But if positive nihilists make this their rational basis, then what they’re saying is that life does have at least some meaning, in living for its own sake and avoiding pain.
In this case, they’d be contradicting their claim that life has no meaning, purpose or value. Although they might seek to modify the claim slightly, so that it becomes, “life has no larger meaning, purpose or value.”
Does this mean that positive nihilism’s essentially the same as existentialism? That is, the philosophy that people can create their own personal meaning of life, even though there’s no greater, overall one?
Truth, meaning and belief
Whatever the case, Eisel believes in the truth: with his critiques of what he thinks is wrong, with his strident defences of what he thinks veganism is, with the pain and suffering he accepts that animals go through as part of their slavery.
Eisel knows he believes in truth, yet he shapes what he thinks nihilism is in what might be the same way he shaped his belief in Buddhism (and the other beliefs he was disappointed by ie he wants to believe in nihilism).
The way in which he talks about nihilism as “a critique of belief itself” is what Ayn Rand called a “package deal”—concepts that are presented together but should be separated out.
In this case, the concepts that are presented together are different forms of belief. As we’ve set out, Eisel believes in the truth. So this belief is valid, and can be added to the other values of wanting to live and avoid pain.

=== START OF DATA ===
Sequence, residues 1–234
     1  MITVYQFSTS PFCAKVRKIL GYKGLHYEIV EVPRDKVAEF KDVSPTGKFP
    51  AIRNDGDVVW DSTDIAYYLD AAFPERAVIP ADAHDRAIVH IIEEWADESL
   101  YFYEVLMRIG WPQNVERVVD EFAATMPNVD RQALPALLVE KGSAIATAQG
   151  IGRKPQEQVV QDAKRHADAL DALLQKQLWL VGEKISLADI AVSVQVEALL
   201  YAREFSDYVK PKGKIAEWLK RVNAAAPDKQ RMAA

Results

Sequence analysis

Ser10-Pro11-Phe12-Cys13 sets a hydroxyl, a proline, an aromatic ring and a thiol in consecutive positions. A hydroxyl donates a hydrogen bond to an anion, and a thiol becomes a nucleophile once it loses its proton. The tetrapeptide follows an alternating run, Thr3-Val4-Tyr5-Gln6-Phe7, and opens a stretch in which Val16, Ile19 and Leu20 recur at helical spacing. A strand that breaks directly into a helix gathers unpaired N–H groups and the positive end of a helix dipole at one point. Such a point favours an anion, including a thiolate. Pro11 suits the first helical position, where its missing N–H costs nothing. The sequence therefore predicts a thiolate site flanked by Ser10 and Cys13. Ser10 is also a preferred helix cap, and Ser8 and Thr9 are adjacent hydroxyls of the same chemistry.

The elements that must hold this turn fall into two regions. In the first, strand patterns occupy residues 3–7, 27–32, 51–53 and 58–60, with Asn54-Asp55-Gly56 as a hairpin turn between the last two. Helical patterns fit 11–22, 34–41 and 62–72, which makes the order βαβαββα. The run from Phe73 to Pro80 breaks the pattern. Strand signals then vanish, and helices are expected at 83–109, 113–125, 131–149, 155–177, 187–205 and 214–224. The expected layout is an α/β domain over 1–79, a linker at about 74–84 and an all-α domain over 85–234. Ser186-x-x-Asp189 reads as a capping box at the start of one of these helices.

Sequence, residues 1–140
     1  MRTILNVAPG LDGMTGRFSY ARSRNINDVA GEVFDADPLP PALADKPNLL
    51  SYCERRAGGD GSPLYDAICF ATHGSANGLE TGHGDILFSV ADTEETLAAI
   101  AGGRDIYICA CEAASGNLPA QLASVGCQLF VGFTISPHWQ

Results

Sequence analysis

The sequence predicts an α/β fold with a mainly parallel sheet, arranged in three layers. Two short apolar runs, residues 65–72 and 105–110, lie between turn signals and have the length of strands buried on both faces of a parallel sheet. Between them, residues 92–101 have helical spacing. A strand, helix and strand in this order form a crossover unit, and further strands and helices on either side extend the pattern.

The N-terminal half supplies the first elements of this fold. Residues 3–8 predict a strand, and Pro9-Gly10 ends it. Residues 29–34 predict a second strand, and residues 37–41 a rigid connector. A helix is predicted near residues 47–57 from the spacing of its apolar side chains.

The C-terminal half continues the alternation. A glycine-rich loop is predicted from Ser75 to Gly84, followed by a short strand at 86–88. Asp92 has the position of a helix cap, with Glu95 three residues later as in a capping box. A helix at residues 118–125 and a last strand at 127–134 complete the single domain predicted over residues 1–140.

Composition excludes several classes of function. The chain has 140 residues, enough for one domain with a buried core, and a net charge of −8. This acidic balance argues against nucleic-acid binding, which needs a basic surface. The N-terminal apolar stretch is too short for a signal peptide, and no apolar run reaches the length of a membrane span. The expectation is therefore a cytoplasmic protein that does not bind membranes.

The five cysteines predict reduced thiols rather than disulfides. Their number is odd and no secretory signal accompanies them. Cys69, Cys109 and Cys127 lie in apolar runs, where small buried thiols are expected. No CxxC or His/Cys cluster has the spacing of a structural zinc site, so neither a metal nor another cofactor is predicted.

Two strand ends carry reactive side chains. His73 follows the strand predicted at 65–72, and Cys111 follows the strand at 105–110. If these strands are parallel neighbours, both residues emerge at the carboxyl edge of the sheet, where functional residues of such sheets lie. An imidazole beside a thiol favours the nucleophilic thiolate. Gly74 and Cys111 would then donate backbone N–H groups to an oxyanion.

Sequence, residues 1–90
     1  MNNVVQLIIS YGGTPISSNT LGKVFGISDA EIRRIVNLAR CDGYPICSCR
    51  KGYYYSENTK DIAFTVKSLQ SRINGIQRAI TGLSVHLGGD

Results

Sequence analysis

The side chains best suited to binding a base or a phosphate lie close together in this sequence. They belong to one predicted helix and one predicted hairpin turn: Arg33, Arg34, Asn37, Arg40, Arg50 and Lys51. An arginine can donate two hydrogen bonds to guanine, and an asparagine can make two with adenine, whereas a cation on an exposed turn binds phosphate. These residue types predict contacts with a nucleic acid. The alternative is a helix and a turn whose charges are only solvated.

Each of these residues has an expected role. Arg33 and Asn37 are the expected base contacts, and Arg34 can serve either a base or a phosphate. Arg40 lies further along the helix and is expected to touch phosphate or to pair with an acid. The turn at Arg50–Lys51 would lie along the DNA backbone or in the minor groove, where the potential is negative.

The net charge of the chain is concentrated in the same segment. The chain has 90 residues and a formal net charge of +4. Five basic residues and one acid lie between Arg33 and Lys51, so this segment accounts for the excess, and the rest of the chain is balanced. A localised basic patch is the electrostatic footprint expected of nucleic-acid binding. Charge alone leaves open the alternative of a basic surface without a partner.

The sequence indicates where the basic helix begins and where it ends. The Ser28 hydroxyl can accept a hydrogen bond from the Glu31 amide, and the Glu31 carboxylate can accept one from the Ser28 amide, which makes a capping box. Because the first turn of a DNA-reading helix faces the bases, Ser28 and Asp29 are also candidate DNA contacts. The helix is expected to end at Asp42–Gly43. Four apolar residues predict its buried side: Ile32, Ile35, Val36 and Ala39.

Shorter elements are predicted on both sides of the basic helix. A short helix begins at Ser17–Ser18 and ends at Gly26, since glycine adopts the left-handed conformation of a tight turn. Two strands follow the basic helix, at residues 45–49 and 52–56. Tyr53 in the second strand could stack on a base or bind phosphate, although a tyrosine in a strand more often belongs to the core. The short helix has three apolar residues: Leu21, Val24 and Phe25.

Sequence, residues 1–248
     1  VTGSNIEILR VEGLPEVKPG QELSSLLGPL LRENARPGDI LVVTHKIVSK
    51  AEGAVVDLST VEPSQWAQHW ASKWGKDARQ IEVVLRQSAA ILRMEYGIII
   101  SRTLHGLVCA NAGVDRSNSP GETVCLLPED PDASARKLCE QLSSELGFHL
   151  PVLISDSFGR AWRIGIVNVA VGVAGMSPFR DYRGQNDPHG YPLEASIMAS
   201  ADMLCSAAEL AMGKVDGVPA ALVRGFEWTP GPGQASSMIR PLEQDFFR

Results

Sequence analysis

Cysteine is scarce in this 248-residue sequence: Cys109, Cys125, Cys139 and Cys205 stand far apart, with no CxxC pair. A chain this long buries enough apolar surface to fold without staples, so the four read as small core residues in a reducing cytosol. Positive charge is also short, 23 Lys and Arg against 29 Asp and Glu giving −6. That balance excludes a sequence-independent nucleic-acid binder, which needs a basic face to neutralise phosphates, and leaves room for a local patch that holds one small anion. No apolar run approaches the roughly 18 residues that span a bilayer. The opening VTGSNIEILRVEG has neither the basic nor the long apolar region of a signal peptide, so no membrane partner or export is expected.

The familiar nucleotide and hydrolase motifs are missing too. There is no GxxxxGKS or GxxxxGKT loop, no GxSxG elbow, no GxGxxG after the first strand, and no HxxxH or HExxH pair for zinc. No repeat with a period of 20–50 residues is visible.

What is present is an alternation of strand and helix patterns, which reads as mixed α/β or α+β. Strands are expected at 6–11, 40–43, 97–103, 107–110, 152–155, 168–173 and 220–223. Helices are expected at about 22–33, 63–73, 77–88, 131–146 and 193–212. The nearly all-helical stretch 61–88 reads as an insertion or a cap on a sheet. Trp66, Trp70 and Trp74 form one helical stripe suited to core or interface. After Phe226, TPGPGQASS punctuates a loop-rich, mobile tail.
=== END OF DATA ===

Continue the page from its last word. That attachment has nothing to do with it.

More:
But the beliefs he doesn’t accept are simply those that aren’t true.
In saying that nihilism is “a critique of belief itself,” what Eisel really means is that positive nihilism is a critique of what’s false.
That’s good as far as it goes, but it’s a negative concept that doesn’t include a path of what’s true.
As such, positive nihilism is stunted, since it actively obscures the overall meaning, purpose and value of life.
Why would it be so hard?
Towards the end of his video (around 13:30), Eisel says that, “belief is at the root of such an unbelievable range of aberrant human behaviour, why would it be so hard for people to see that belief is something that needs a cure?”
The answer is that belief is essential in being able to live. You have to be reasonably confident (believe) the food you’re going to eat isn’t poisonous, you have to be confident you can drive a car to use it safely, you want to know if someone can be trusted not to shoot you, bash you, defraud you or rape you…
Given your have good knowledge, these are obviously things that are good to believe. You have to have some well-founded beliefs just to survive, let alone progress.
Eisel doesn’t accept that “the truth is out there” in the languages he speaks, the food he desires and feels satisfied by (at least to some extent), the bridges he drives over, the microphones he speaks into, the video platform that calmly accepts his videos, and his videos that talk about purpose.
These things and many more are staring him in the face, yet he hasn’t yet taken the final step to connect them.
The problem isn’t that there’s nothing to believe in—just that you need to find the right things to believe in.